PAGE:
I don't want to panic anyone, but I just realized that we're a third of the way through December.
"But Doug," I hear you shout. "It was September just last week! School just started! I haven't even handed out the planners yet!*"
I know, my friends. I do. I am not sure how it happened either. I'm currently developing a theory which involves my classroom being some kind of TARDIS. This would explain the time thing and how they fit so many students in- it must be bigger on the inside.
No matter how it happened, it did happen. It's already December. Which means it's basically Winter Break. Which means *starts hyperventilating* we're halfway through the school year. Friends, there is no way I'm halfway through teaching my kids everything they need to learn this year. They need to learn so much. Fourth grade is hard. And I just got finished teaching fifth grade, so I know where they need to be at the start of next year and we're not there. I guess we can see it over the hill. If we stand on a ladder. On our tiptoes.
But it also feels like we've learned so much!
This is one of the most basic challenges at the heart of teaching. You can lead a child to knowledge but you can't make them stand in front of the fire hose and drink as much as they can as fast as they can. Kids learn at their own speed. All thirty-three of them. All moving at their own gait. A non-constant one. The kid who was running yesterday seems to have developed a severe limp. We were on pace for a second there.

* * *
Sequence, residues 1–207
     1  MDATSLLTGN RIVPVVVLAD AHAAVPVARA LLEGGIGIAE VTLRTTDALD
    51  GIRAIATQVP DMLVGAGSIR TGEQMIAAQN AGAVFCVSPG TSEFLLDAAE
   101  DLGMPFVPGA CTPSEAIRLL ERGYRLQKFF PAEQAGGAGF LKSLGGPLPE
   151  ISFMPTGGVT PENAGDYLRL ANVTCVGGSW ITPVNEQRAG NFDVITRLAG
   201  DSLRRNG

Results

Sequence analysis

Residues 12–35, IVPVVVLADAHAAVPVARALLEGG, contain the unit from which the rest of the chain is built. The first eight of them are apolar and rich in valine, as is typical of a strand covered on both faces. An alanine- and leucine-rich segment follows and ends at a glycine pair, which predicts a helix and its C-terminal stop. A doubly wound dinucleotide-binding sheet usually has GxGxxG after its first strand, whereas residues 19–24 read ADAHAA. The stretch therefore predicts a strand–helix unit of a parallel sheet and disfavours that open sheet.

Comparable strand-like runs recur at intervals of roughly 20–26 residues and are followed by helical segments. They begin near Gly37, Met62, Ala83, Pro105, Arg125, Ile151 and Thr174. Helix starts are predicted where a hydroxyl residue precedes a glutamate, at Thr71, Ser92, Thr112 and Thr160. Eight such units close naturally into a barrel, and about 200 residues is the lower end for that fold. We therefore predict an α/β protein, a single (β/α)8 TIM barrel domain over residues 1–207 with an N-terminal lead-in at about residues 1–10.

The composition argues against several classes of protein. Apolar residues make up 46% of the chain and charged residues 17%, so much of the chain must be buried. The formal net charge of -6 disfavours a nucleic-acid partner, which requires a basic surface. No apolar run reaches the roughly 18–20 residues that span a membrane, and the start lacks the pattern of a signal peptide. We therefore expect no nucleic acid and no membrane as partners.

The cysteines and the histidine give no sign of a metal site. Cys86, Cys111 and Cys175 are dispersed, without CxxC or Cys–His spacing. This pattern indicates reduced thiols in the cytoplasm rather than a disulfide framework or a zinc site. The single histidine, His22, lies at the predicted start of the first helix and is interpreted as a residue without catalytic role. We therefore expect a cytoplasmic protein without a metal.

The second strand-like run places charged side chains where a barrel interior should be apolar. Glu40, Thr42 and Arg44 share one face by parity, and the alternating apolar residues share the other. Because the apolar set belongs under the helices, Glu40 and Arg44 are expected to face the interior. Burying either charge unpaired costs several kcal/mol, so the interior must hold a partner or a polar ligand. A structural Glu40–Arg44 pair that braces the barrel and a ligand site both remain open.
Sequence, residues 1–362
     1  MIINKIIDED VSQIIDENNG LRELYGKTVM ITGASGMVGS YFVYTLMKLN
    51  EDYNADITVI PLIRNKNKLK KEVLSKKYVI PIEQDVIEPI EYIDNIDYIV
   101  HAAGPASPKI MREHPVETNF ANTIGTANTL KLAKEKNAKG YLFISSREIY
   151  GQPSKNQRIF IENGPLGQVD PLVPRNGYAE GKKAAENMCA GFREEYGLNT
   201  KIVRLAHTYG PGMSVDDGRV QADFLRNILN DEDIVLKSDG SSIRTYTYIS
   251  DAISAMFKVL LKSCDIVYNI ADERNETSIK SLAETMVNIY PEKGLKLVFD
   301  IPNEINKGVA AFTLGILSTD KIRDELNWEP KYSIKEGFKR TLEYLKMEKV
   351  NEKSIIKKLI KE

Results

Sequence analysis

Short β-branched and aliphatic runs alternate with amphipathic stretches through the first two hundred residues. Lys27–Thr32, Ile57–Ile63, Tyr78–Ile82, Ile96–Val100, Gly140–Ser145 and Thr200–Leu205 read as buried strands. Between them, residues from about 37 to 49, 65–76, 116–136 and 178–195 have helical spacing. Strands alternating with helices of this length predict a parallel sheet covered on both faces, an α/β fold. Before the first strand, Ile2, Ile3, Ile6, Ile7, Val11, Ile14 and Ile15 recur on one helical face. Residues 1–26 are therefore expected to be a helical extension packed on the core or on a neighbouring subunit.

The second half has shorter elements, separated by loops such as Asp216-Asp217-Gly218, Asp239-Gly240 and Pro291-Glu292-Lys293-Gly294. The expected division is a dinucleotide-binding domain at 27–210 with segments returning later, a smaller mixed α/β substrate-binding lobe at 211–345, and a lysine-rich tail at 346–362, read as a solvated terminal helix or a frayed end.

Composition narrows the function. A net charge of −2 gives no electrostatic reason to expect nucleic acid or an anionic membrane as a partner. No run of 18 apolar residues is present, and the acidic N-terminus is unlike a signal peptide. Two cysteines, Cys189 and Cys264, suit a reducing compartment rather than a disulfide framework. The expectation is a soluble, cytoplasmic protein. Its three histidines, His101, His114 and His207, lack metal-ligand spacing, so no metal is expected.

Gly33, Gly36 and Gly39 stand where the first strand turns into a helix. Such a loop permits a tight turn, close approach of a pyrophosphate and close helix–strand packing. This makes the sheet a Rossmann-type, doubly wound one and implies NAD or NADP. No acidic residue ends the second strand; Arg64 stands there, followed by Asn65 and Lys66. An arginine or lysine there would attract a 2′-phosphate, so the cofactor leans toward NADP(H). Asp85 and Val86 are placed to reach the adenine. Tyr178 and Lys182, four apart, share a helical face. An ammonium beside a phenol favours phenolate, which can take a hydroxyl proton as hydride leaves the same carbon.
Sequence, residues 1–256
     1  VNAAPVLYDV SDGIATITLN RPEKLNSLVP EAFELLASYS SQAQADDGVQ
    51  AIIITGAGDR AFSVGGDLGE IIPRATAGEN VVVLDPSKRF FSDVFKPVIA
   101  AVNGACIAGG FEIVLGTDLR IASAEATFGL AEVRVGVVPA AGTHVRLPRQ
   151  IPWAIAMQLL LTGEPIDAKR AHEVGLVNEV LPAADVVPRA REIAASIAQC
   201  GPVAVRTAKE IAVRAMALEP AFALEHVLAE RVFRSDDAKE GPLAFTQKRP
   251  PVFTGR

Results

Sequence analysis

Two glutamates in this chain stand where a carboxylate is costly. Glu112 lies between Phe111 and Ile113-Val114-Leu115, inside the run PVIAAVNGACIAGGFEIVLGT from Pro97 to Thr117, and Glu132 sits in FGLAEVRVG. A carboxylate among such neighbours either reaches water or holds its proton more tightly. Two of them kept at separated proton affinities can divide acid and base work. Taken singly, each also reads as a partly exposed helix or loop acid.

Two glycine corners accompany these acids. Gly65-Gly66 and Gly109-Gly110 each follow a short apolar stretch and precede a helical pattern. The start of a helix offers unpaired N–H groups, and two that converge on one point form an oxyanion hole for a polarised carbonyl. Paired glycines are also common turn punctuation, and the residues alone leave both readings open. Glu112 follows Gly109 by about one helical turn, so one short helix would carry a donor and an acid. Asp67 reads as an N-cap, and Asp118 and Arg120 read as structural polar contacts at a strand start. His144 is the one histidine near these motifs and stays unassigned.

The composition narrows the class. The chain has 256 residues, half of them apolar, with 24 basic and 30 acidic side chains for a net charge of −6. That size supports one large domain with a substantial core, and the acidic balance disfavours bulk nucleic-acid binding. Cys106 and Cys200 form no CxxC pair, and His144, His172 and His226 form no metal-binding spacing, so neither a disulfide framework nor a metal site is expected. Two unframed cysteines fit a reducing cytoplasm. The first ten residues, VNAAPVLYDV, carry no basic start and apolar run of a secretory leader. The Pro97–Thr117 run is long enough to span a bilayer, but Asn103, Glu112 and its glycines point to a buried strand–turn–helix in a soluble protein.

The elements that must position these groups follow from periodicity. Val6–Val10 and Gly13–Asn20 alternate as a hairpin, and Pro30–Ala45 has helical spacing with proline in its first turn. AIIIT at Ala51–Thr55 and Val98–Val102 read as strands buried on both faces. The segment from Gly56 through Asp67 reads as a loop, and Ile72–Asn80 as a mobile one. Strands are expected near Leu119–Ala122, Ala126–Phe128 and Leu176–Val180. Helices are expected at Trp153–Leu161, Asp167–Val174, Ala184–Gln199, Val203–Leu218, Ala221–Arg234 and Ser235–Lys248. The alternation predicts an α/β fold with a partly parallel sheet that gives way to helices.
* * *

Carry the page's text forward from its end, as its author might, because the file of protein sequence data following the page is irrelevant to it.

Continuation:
Ah, there's the word-Pace. As in, "The pacing guide says you should be teaching division of decimals right now, why are you still on rounding whole numbers?" I'm not blaming district-issued pacing guides either, because I live in the real world. I understand that districts have to have a standard pace of learning because there's a lot to get through in a year. I don't see some malicious intent in a standard pacing guide. I see bureaucracy and CYA and an honest attempt to help teachers**. I think they help too. Yes, I need to move my kids at their own pace, but I also need to be moving forward. We can't wait for everyone to be 100% with us on everything. There's too many kids for that. The district pacing guide is a nice anchor to reality, reminding me that though I would like to spend two more weeks on this topic, I've got a lot more to do and I need to move on. I see you waving your hand back there claiming that this is the perfect case for digital differentiation and you and I both know that's just a fancy way to say digital worksheets assigned by a computer. You know how Amazon is able to say, "I see you mentioned Frank Zappa on Twitter, would you like to peruse our wide selection of Zappa-related products?" That's the exact algorithm that powers student-paced computer programs. It ain't personalized, it's just a program, and the kids are the product/test subjects.
My personal pacing guide never lines up with the district pacing guide. How that impacts my teaching depends entirely on how much of a stickler my principal is, and how well my kids are learning at a pace I find reasonable. And what I find reasonable, like everything else in teaching, is completely flexible. I will take longer on this lesson than the book suggests because my kids need it, and I will shave a day off this lesson because come on, this is so boring. I love the freedom to do this and recognize this is not everyone's reality. I taught in a scripted "You vill be on zis page on zis number at zis time! Ve haff vays of makink you teach." I wanted to chew holes in desks. If that's you, you have my sympathies and I suggest the older desks, better flavor. This has all gotten gross now. Moving forward.